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I'm currently using Python's function,


to loop through my whole filesystem on OS X. My aim is to make a personal daemon that keeps track of:

  1. Newly made files/dirs
  2. Adjusted/touched files/dirs
  3. Deleted files (maybe)

The idea

This is more of a precautious function I wanted to add to my Macs to be able to see if weird stuff gets placed in my directories unwanted, so if my Macs ever get infected by some (yet unknown) trojan I can maybe detect it myself already. Also I'm looking into adding features later to maybe shut down my internet connections etc. when something off is detected. This is maybe an irrational function, but as it's just a personal script I think it's not that bad :P.

What I want to achieve

So my main question is. After the first run I will save an array of the whole filesystem and their metadata (creation data, modification date). After that the I want the daemon to run in the background in a "watching" mode, practically mirroring the last known stored array of the filesystem with a newly looped one. The problem now is that when I run the script to test it litteraly starts to burn my CPU, making my MacBook starting to get hiccups after a while. I want to add sleeps between each directory step "os.walk()" makes in my for loop. My question is: What is a right sleep time? My MacBook's Disk Utility says I have 183.867 folders and 1.013.320 files making a total of 1.197.187 entries (as Folders are practically files too). So setting my code to:


..would approximately take those 1.2Million entries to be dealt in about 2 minutes. I have no clue if this is good and I prefer to make it more dynamically based on the total files/folders count.

An extra feature Based on my question I noticed that the OS X Disk Utility already knows my total Files and Folders. Can Python get this data too without doing an extreme loop-through? Maybe calling a Terminal function built-in to OS X. This way I could also keep an indicator if using a little GUI for my Daemon's status.

Thanks in advance!

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As a cautionary note, I built a python script to monitor a remote windows share for new files (don't ask). This thing is crazily inefficient, and the original version used 70-100 cpu at all times, since the people wanted "instant" work if a file was dropped. Use a notification framework. –  Spencer Rathbun Jun 22 '12 at 18:38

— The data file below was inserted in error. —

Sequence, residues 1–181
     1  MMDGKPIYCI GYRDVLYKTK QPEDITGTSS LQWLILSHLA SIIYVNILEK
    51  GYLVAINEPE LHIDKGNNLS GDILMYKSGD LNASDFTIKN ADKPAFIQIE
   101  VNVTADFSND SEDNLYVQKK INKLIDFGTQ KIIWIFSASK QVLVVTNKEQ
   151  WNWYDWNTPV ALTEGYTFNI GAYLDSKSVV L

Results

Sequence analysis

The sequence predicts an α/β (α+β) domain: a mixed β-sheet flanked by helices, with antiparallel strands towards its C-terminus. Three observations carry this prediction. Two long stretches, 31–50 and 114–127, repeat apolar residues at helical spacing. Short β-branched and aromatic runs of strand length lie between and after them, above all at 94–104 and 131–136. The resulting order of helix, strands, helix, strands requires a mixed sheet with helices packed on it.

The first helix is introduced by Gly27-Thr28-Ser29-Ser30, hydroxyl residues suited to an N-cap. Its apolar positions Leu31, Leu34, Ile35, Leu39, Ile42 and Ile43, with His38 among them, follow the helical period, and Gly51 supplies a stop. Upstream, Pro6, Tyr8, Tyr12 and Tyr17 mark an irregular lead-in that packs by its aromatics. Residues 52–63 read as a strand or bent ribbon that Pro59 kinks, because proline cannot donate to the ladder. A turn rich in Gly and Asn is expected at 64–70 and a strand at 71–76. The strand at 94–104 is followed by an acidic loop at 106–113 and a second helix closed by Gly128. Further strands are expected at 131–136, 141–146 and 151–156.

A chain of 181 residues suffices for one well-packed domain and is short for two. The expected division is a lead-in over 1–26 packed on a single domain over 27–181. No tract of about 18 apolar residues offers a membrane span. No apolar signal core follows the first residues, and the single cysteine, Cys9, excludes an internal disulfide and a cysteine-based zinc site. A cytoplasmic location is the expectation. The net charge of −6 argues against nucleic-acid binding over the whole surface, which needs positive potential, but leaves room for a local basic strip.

2 Answers 2

This is not a direct answer but directed to the requirement to track:

Newly made files/dirs
Adjusted/touched files/dirs
Deleted files (maybe)

You can use : http://pyinotify.sourceforge.net/ which ties with inotify and will send events on file changes, deletion and creation. This will avoid the walk through of large directories.

This is wrapper over Inotify. This is available for Linux. I also see that there are libraries and modules for OSX in fink and macports. So this should be more elegant solution.

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Hi, thanks for you answer. I couldn't get notify to work either in my Fink, MacPorts or Homebrew. I just found this: fseventer (fernlightning.com/doku.php?id=software%3afseventer%3astart). The developer also made a command line tool. I think that would be a nice point to start. It uses kind of the same Kernel response system when changes are made in the filesystem. I think I'll try to use that from Objective-C or Python system call function :). –  Allendar Jun 22 '12 at 17:44
@Allendar : Thanks. Just checked out the alternative is similar and native to OSX. That should be the way to go. I had experience on Linux system, hence the answer but wanted to avoid the os.walk() which is severely limiting to the functionality required. –  pyfunc Jun 22 '12 at 17:52

Not a complete answer, but a few pointers:

For OSX, fseventsd implements a mechanism similar to inotify. fslogger is an example of how it can be used. pymacadmin seems to allow you to interface it from Python.

What you want to implement is similar to Tripwire.

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